That some would be angry about the creation of safe food would seem, on the surface of it anyway, to be quite puzzling. Yet unfortunately that’s exactly the case with some anti-biotech activists who are opposing a science that not only improves crop quality and food production, but also has positive effects on the environment.

     The Worldwatch Institute, for one, made its hopeful predictions several years ago that genetically engineered seeds will be used by a lot less American farmers in the year 2000. Gratefully, the exact opposite happened with biotech plantings having increased in 2000 and every year since. This year, in fact, about 74 percent of the soy, 32 percent of the corn, and 71 percent of the cotton grown in America will be genetically engineered.

     And why are producers and consumers saying yes to biotechnology, despite the grumblings of its critics?

     Well a study done by the National Center for Food & Agricultural Policy (NCFAP) may have revealed the answer when it showed that “Corn farmers are paying on average an extra $6.50 per acre for this technology and getting $8 or $9 back on that.” . What that means, of course, is that Biotechnology makes money for the farmer.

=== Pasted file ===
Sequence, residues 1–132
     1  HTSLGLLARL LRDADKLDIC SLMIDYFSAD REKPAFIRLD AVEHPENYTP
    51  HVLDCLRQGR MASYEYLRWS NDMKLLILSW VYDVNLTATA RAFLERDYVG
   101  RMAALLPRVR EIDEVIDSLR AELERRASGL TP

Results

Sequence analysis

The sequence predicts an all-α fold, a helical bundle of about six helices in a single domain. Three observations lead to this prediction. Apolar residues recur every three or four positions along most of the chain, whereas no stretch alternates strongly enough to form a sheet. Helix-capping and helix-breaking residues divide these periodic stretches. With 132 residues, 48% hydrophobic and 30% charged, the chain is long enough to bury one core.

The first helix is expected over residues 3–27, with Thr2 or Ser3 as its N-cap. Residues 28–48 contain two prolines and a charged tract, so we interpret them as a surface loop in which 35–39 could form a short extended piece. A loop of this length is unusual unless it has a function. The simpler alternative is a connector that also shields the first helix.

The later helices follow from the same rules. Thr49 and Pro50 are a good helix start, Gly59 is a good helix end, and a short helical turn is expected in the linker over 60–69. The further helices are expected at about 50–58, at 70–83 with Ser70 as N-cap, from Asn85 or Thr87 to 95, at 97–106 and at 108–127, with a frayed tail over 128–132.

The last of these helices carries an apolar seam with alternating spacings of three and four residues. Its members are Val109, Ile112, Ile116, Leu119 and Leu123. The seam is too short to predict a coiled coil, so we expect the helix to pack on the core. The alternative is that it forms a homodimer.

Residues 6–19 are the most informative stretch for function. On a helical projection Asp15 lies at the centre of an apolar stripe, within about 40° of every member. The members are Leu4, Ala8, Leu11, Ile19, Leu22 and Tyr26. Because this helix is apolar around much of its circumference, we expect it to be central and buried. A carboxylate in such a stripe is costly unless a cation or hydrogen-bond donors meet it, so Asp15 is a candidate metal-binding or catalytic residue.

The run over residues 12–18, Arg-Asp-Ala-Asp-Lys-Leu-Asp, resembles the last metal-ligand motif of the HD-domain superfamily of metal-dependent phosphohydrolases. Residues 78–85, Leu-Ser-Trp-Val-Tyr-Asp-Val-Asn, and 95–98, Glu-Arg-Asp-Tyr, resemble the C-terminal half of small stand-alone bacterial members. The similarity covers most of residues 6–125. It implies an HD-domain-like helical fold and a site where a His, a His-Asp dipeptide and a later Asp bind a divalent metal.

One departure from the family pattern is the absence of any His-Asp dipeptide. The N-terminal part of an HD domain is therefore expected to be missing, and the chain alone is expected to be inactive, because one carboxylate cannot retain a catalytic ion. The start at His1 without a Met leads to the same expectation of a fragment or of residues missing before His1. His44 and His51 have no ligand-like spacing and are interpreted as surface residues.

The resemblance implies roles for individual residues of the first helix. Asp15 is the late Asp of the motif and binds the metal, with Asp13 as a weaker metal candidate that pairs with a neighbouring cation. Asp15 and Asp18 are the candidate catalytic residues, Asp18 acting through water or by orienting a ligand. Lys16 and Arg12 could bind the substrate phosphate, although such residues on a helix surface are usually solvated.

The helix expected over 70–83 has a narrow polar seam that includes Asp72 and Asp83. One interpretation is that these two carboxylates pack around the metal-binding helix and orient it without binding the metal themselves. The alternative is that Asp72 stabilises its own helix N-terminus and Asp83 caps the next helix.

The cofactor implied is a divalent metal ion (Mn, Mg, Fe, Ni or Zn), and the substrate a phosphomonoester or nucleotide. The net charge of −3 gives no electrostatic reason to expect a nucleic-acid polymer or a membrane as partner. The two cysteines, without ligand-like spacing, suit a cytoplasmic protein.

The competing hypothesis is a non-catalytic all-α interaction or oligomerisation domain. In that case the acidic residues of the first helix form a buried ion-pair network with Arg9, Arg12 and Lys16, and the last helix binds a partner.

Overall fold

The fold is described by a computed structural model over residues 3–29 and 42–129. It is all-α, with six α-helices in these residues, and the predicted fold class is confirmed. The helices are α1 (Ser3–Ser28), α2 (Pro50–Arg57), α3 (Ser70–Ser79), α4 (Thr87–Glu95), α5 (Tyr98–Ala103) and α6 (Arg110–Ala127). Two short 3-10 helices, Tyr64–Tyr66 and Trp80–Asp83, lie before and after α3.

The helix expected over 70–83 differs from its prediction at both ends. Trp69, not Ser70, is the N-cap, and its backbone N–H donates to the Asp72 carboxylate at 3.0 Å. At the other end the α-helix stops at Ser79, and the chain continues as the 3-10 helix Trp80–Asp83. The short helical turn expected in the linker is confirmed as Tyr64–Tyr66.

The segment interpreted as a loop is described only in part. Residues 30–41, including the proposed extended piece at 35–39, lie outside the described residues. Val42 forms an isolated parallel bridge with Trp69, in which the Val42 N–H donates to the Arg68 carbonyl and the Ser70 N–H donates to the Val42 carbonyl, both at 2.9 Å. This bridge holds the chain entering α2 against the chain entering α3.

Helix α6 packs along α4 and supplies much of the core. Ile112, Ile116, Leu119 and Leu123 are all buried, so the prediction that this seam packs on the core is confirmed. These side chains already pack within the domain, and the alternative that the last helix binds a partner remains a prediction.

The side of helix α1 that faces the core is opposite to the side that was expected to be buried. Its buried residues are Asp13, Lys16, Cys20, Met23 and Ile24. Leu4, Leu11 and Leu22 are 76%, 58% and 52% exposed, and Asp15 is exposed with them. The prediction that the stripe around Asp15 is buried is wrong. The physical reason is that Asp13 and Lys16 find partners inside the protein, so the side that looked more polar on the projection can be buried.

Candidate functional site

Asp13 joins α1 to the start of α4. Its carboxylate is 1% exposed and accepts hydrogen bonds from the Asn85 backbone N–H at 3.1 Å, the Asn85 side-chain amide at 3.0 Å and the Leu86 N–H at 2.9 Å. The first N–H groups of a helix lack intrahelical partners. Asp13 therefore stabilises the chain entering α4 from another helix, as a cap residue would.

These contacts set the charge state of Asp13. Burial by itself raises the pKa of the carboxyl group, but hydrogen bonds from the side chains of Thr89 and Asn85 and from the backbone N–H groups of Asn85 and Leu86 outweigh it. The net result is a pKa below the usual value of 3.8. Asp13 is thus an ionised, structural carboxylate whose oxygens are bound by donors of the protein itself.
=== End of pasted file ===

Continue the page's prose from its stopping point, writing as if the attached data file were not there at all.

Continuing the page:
And what’s more, it’s good for the environment.

     According to Martina McGloughlin, director of the Davis Biotechnology Program at the University of California, farmers “Spend less time formulating complex cocktails of chemicals and a lot less time spraying.”

     A variety of sweet corn with built-in protection against insects dramatically reduces the need for insecticides. Other technologies make it so that farmers do not have to continuously till their fields, which is good for topsoil retention and small wildlife.

     Why would someone be glad to think that genetically altered plants are on the wane? Who knows. But we can all be thankful that it is attentive consumers and resourceful producers who are deciding the fate of biotechnology, not the overly-excitable and under-informed.

Author